So this is a real issue around human rights and a sense of what we owe to our fellow human beings. We would never let a woman in the US or Great Britain die with untreatable pain from cancer, and yet that is happening to thousands and thousands of women right across the developing world today.
Q. What’s your solution?
A. I think the lessons from the Millennium Development Goals are severalfold. Number one, countries need to come together and make cancer and cancer care a globally agreed priority. Number two, you need to have a significant political leader take up the issue of cancer and be willing to be a fantastic social advocate for doing something. If I look at the past decade, it’s been individual political leaders who’ve taken up specific issues, whether that’s been malaria or AIDS or maternal health or child health, and they have gone to G8 meetings or United Nations meetings and they’ve stood up and spoken passionately and movingly for that particular issue. When you have a president or prime minister own a health issue like that, he or she can persuade other presidents and prime ministers to start spending money.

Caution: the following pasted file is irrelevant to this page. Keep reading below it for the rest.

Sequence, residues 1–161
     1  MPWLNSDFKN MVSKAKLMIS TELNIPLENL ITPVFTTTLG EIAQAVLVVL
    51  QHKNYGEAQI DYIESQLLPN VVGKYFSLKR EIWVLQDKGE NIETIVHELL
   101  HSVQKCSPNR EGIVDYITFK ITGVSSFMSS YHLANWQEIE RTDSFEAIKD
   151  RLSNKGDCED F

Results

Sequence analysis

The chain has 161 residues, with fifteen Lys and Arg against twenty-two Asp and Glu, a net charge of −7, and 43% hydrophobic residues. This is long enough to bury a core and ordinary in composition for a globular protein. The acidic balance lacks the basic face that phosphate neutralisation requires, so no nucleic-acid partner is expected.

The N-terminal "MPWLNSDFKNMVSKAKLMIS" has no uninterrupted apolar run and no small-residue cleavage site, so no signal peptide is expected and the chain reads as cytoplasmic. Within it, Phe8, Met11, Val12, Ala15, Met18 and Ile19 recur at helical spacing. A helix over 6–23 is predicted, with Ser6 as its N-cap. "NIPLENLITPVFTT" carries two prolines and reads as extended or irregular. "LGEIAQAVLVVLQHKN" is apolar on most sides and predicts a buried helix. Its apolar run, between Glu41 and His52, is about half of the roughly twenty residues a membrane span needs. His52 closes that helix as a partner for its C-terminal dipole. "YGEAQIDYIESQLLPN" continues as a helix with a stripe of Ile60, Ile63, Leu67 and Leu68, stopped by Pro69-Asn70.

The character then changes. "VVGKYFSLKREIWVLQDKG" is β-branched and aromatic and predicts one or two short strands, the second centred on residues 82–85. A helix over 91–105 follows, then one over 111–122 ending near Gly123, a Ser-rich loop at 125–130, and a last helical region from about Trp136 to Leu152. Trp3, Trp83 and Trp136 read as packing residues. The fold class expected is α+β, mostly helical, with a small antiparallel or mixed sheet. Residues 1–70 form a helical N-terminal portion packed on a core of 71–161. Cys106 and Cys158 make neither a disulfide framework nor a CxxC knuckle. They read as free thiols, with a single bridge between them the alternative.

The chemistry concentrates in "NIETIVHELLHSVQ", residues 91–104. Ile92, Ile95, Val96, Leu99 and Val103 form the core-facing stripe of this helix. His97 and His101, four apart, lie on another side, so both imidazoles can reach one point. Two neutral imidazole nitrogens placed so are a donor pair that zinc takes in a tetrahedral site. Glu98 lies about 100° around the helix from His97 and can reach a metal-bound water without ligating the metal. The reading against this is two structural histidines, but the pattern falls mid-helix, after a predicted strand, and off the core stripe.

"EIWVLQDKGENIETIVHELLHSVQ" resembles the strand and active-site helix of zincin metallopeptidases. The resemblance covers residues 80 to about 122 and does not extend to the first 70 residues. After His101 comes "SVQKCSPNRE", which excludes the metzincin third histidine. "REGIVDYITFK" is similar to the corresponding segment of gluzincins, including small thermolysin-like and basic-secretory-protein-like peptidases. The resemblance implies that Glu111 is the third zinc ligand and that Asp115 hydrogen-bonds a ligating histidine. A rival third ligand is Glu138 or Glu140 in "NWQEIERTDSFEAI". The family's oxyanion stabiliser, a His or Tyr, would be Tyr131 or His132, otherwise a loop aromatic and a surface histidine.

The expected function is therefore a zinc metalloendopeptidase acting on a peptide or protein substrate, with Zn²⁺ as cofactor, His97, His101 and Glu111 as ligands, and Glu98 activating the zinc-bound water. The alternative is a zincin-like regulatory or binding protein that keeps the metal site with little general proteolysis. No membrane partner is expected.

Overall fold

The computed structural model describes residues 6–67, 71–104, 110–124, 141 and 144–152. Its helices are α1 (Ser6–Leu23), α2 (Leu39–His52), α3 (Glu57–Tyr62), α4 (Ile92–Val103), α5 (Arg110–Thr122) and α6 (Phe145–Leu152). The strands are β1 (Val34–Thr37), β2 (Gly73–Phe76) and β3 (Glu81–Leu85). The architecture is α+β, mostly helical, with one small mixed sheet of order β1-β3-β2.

So for cancer we need to have a political leader, we need to have someone stand up and run with this issue. Right now, we’ve not been able to do that, we’ve not been able to identify somebody who will do that. I think if you have that person then they can begin to galvanize the global community to start spending some money, to start making some commitments.
Number three, we also have to have countries themselves take up the issue of cancer as a major problem and start allocating domestic financing to cancer care–not just treatment but also prevention. So that does mean things like tobacco control. And we need to see a much stronger response from countries.
Finally, we need to see spending bodies like the Bill and Melinda Gates Foundation that have enormous power but have traditionally not invested in cancer take the issue of cancer much more seriously than they have done to date.
Joanne Silberner is a freelance reporter and artist-in-residence at the University of Washington in Seattle. For 18 years, she covered health issues for NPR. Silberner has an undergraduate degree in biology from Johns Hopkins University and a master’s degree in journalism from Columbia University. She spent a year on a fellowship at the Harvard School of Public Health, and has also had fellowships from the Kaiser Family Foundation and the Carter Center.